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Change Management and Communicating to Your Employees

Human Resources

Communication plays a key role in change management. When a company decides to make changes that might have adverse effects (or be perceived as having adverse effects) on employees, the methods by which the news is communicated can be critically important. If handled poorly, news of a change can damage morale and productivity. If handled well, employees may understand the need for changes and accept them.

Here are tips for communicating change management from experts in the field.

Carefully consider the reasons behind planned changes. According to Paychex HR consultant Rob Sanders, any organization contemplating changes to policies or benefits that could be perceived negatively by employees should consider the following questions beforehand:

  • What is the driving business need for making such a change?
  • Are the reasons based on financial, operational, legal, or other needs?
  • Can this need be addressed through other means that might not adversely impact employees?
  • Is there time to allow for discussion or feedback sessions with a focus group of employees?

"Before simply implementing a 'mandate from above,' companies may benefit from an open discussion with employees who may suggest actionable alternatives and/or consequences that management may not have considered," Sanders says.

Make a plan and stick to it. "Having a plan is key," says Matt Keup, Paychex HR services area manager. "That plan, if managed properly, should confirm that the change you're implementing has a high probability of successfully generating the desired result."

As part of that plan, he adds, it's important to "identify the scope of impact and share that knowledge with managers whose employees will be affected by the change. The known is generally much easier to manage and communicate than the vague."

Provide advance notice. "When communicating changes, provide as much advanced notice of the change as possible," notes Paychex HR consultant Melissa L. Wheeler. "This way, employees have the opportunity to ask questions. At the same time, be honest and transparent in answering those questions. If changes are occurring and they're not effectively communicated, people may speculate and assume the worst."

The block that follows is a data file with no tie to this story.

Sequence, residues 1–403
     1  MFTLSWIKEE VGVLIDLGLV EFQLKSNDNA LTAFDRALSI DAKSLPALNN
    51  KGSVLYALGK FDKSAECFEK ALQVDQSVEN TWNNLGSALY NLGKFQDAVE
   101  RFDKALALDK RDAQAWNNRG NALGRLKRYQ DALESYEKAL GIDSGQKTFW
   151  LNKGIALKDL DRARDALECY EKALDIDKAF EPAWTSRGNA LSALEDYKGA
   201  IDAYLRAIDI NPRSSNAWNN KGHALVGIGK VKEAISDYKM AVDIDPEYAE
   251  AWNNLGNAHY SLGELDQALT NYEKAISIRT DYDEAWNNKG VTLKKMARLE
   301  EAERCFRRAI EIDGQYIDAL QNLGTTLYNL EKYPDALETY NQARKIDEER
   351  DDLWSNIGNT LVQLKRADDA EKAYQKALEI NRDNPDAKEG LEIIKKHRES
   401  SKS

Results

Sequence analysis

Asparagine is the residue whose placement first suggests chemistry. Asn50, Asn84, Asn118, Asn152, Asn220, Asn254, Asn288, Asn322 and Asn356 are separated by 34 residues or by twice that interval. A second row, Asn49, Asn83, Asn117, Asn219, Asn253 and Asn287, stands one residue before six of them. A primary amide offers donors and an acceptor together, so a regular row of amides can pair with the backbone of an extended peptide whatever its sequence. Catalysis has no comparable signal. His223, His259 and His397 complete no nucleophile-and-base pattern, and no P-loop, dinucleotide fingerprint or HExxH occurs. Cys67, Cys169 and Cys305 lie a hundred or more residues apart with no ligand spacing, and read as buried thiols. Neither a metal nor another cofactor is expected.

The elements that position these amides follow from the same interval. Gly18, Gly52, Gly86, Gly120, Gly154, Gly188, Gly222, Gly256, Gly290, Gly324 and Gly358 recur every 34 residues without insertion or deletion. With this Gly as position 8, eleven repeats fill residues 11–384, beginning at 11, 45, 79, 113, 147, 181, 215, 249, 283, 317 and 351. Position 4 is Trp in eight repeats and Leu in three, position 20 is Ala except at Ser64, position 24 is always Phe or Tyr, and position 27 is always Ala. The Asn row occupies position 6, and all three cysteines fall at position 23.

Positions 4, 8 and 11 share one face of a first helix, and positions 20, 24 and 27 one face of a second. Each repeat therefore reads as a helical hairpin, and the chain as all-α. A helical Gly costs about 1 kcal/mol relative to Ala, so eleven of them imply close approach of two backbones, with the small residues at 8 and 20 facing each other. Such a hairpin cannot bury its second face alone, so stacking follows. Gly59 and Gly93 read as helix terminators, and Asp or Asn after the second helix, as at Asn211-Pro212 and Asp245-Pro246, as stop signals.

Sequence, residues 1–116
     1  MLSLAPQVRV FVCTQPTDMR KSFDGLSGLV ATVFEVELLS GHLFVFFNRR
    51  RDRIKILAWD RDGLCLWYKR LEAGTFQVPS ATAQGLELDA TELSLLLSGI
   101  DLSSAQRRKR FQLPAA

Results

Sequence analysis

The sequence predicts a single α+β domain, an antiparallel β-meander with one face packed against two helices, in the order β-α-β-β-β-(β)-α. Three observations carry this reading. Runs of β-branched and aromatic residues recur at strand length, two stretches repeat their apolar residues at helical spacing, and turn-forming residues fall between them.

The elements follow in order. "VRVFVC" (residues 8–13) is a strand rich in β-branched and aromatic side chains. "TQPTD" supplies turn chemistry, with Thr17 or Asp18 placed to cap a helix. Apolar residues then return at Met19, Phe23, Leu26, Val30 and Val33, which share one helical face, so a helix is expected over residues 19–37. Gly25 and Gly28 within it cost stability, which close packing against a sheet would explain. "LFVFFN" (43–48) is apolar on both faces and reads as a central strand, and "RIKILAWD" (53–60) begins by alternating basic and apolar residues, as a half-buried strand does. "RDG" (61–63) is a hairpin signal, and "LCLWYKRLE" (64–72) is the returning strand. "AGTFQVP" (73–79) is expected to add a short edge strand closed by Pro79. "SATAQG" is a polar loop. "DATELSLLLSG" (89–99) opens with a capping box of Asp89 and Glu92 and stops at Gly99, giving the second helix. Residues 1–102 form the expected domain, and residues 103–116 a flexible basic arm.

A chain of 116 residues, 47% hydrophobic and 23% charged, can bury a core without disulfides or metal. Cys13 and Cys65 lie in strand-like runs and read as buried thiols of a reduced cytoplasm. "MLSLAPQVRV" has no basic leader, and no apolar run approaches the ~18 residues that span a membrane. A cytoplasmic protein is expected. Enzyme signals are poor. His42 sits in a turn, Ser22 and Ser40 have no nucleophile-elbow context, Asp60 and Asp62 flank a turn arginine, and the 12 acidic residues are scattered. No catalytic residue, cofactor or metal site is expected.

communicating change

Strive for clarity in your communications. If, for example, there are planned changes in health insurance and employee benefits, it's essential that your intended message be as clear as possible. Some employees may not be familiar with industry jargon, and including technical terms may lead to greater confusion and uncertainty – the opposite of your desired outcome. Be ready to explain any industry jargon you feel is necessary to include with your communications.

Create a method for collecting feedback after change is implemented. Sanders recommends having a mechanism in place after change is implemented to gather employee feedback – an electronic help desk, for example, or an actual person who can be available to answer questions. This mechanism should be able to respond to feedback in a timely and caring fashion.

Offer support to adjust to the changes. As Paychex HR generalist Victoria Whittaker notes, "It's very important to communicate the reason and necessity for the changes, as well as how employees may benefit from the changes. Let them know you'll help support and provide training and/or systems needed to adjust to the coming changes."

assist employees with change

There may be times when it's necessary to let employees know of changes that may affect them. Careful planning, as well as offering opportunities for feedback, can help mitigate adverse impact to employee morale and productivity.

This website contains articles posted for informational and educational value. Paychex is not responsible for information contained within any of these materials. Any opinions expressed within materials are not necessarily the opinion of, or supported by, Paychex. The information in these materials should not be considered legal or accounting advice, and it should not substitute for legal, accounting, and other professional advice where the facts and circumstances warrant.